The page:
Giant Squid - All You Need To Know
The Giant Squid, a once mythical sea monster. But now the Giant Squid is a creature that is very much real, and stalks our deepest oceans. Along with the colossal squid, they make up the biggest of the cephalopods, and continue to fascinate marine experts. To find out the facts about the Giant Squid, we have come to the National Marine Aquarium in Plymouth.
Step 1: Size
The biggest specimen ever claimed was washed up in North America around 1860, and was said to be 18 metres in length. They certainly often grow to between 12-15 metres, and can weigh up to 200 kilos if not more.
The body of a giant squid is made up of the mantle which holds all the normal organs along with the gills. Attached to this is the head which contains the mouth, beak, and eyes which can measure 20cms across. From the front of the body comes 8 arms that are armoured with suckers, along with two much longer tentacles that have large clubs at the ends.
Step 2: Food
The animal will use the tentacles to hunt. When spotting the movement of another creature with their huge eyes, they will grab it with the tentacles which then passes the prey to the arms, and on into the mouth where it is shredded by the beak for swallowing. The remains of other giant squid have occasionaly been found in their stomachs, suggesting that they may well be cannibalistic.
Step 3: Habitat
Living between 300 and 1000 metres down the water in the darkness, the squid needs to ensure it stays at the right level. It does this by having ammonia in it's tissue which is lighter than water, giving it the buoyancy it needs. They move through the water with slow waves of movement through the fins, and when they want to move quickly they can push water through their funnel to jet propel them away from danger or towards food.
Step 4: Mating
The giant squid is thought to have quite a short life of about 3 years, breeding once in that time and then dying. To breed the male must find a suitable mate which he then approaches. His 1 metre penis comes out of his body and starts to stab at the females tentacles leaving behind string like tubes of sperm which burrow into the females arms, remaining there until the female is ready to produce her eggs. The males must be brave to do this as the females are usually a third bigger, and may well rip off some of the males arms with her sharp beak.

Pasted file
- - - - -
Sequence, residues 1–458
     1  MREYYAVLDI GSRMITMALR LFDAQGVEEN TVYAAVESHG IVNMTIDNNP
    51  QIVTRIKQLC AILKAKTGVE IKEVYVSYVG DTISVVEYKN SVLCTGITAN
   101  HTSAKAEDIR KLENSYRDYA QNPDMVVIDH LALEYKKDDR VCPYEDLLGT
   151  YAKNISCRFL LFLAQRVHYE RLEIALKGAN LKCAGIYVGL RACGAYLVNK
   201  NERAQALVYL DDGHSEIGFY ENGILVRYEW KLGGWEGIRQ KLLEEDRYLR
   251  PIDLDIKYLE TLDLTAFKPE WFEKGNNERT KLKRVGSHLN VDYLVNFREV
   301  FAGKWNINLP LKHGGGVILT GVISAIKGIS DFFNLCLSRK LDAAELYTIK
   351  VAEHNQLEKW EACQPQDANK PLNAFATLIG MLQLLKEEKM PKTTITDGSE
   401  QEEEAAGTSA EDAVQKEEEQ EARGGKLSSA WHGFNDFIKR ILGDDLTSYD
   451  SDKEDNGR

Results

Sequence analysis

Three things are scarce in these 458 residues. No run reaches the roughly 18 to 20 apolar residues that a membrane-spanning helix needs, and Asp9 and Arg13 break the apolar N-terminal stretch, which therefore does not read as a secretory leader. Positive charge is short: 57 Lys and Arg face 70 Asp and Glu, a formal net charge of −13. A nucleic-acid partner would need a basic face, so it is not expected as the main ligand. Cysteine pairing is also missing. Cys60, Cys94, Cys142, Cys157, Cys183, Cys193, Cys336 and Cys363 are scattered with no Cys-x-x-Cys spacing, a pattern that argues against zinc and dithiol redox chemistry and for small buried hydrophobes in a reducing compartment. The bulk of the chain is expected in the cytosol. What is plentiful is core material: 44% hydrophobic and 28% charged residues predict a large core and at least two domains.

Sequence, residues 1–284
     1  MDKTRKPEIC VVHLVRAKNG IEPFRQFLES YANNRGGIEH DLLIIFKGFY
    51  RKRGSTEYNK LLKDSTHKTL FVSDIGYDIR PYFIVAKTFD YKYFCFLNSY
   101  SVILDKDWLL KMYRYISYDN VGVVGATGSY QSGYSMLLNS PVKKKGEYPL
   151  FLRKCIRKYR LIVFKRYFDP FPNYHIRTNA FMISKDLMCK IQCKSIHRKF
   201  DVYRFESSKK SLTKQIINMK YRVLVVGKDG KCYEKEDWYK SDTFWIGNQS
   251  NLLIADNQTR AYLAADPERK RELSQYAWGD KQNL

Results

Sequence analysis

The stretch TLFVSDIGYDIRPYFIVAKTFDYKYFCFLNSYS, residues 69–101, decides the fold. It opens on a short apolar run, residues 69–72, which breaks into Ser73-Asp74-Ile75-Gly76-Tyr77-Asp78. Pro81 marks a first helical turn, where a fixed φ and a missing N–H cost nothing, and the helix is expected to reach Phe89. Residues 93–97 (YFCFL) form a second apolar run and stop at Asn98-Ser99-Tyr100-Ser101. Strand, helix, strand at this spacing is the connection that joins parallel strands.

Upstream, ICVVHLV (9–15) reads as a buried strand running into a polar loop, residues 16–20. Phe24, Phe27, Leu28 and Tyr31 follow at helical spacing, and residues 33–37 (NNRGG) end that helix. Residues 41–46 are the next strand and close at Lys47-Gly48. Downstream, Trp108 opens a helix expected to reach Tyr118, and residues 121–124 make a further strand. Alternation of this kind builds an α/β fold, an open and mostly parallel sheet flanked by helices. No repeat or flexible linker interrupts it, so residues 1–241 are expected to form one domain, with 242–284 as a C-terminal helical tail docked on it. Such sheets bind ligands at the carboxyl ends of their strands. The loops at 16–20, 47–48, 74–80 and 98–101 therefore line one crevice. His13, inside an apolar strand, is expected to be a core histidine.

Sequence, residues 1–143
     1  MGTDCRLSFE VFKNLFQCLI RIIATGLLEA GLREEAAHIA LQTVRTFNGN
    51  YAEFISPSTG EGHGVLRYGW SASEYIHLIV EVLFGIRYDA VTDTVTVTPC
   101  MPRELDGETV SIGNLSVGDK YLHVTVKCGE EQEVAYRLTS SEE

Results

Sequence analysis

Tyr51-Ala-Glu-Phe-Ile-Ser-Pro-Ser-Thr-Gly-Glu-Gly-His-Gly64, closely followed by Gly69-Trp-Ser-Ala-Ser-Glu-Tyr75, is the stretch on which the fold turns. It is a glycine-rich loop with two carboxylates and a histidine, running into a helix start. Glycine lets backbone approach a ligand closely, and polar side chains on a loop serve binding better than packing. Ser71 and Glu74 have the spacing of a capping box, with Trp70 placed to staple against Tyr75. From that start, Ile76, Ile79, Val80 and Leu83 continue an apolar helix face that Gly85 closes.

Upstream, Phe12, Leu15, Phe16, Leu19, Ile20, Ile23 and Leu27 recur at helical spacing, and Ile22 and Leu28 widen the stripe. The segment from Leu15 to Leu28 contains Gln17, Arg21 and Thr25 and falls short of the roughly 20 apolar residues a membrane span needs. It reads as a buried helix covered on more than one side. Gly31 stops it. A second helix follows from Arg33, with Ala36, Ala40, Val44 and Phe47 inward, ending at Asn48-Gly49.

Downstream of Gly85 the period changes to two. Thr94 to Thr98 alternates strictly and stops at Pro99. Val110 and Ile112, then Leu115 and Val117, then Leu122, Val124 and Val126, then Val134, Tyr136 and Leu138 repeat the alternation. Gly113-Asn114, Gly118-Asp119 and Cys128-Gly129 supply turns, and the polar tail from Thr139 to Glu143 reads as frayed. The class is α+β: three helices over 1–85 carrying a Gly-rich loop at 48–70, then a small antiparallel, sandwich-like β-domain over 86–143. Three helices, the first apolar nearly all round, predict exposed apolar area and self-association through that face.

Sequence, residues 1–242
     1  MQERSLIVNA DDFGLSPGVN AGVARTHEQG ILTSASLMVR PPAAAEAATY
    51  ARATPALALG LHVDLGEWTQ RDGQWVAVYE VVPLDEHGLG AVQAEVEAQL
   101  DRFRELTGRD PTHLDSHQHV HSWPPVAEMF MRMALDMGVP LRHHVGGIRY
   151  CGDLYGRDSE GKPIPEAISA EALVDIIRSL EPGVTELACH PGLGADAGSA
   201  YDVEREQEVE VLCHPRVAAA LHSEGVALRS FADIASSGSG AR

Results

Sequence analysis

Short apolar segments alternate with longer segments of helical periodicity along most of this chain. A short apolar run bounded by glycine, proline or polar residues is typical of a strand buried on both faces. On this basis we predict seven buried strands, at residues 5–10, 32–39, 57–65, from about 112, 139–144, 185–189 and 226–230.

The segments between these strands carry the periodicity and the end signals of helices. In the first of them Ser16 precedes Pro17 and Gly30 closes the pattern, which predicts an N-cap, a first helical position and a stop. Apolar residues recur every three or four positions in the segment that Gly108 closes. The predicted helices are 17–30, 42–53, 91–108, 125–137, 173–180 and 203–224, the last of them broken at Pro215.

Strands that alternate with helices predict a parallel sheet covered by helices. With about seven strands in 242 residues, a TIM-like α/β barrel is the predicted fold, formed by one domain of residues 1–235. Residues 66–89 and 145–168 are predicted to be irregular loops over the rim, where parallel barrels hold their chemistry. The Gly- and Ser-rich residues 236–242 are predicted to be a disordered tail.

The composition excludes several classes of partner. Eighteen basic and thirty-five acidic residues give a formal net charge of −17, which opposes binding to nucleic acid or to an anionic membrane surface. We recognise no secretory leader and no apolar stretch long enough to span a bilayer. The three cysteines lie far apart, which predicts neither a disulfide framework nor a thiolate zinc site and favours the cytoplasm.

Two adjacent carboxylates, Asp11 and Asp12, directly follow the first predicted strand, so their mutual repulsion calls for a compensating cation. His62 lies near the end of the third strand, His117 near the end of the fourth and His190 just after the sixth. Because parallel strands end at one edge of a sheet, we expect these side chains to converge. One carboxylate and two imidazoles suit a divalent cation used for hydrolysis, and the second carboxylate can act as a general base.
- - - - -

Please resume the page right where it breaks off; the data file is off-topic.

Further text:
Step 5: Fighting
Squid are known to fight with sperm whales, but this is probably only ever in self defense. Their is one story of a giant squid attacking a young right whale, who certainly wouldn't have been feeding on the squid. Another tells of one attacking a small sperm whale, where both died in the fight. Unfortunately though, these stories are unfounded.
Step 6: Myths
The great myths from history of giant octopuses attacking boats and people probably came from the giant squid. A recent case saw a squid attack a racing yacht, though perhaps it was dying at the surface and the yacht simply ran into it.
The story behind the first piece of giant squid that was taken to a scientific laboratory is an interesting one. Supposedly two fishermen and a young boy went fishing in a small boat off Canada's Atlantic Coast. A huge tentacle came up and grabbed one of the fishermen, at which point the young boy hacked off the 19ft tentacle with an axe. The tentacle is now kept at Harvard University Museum, but there is really no proof behind the story.
Step 7: Tracking
The giant squid is so hard to study simply because it is so hard to find. Little was known about their behaviour in the depths until recent years when Japanese scientists lowered a baited hook with a camera to 900 metres in the oceans south of Japan. A giant squid took the bait and struggled whilst the camera snapped away. It eventually escaped leaving a tentacle behind. Through this we discovered that the squid were much more aggressive and vigorous than expected.
Every time we find out a little more about the giant squid, we find that we know even less. They are marvelous creatures in a world that we can never fully understand, and that we must strive to find out more about.